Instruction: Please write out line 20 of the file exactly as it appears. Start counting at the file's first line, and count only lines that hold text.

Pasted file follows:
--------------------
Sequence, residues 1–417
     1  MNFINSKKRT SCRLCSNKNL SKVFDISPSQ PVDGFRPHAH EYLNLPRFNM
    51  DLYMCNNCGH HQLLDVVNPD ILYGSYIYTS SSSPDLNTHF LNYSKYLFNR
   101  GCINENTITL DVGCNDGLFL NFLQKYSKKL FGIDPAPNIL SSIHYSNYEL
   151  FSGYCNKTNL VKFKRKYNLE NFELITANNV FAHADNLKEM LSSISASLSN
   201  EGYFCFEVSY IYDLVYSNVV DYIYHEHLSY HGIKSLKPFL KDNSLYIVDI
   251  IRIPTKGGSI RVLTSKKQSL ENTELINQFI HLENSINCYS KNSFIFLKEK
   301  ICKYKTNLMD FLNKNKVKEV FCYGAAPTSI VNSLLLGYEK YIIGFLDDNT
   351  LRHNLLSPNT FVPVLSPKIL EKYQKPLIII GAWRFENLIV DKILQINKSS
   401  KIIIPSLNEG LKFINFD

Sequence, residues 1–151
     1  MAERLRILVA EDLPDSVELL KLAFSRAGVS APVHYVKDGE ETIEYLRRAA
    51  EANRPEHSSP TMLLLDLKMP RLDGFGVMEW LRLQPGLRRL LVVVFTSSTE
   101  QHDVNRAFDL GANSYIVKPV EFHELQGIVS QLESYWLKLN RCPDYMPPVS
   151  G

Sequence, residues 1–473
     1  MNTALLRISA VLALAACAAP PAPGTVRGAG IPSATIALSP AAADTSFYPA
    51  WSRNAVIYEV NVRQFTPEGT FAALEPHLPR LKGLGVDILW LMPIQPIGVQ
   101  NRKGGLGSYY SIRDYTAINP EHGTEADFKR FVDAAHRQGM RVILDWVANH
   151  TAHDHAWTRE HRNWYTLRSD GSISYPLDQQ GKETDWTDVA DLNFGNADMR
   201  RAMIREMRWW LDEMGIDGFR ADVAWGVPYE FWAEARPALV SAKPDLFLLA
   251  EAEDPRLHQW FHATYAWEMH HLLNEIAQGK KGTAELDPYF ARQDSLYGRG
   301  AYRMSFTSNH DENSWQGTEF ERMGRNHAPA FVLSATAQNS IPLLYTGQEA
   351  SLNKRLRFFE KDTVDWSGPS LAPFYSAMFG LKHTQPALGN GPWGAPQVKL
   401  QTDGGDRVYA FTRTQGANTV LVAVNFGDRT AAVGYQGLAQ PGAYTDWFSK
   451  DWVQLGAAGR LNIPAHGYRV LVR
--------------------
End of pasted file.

   151  TAHDHAWTRE HRNWYTLRSD GSISYPLDQQ GKETDWTDVA DLNFGNADMR